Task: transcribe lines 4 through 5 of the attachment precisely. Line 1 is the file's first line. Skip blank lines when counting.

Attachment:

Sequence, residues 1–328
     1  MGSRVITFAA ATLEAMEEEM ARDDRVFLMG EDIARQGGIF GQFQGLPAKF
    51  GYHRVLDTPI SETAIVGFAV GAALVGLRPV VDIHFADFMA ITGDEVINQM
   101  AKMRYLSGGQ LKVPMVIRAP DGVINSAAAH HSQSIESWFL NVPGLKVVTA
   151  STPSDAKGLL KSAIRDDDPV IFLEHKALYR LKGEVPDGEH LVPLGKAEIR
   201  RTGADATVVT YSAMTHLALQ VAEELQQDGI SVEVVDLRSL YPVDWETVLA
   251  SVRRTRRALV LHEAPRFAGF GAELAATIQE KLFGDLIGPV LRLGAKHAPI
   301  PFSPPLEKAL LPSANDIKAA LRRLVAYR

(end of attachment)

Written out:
   101  AKMRYLSGGQ LKVPMVIRAP DGVINSAAAH HSQSIESWFL NVPGLKVVTA
   151  STPSDAKGLL KSAIRDDDPV IFLEHKALYR LKGEVPDGEH LVPLGKAEIR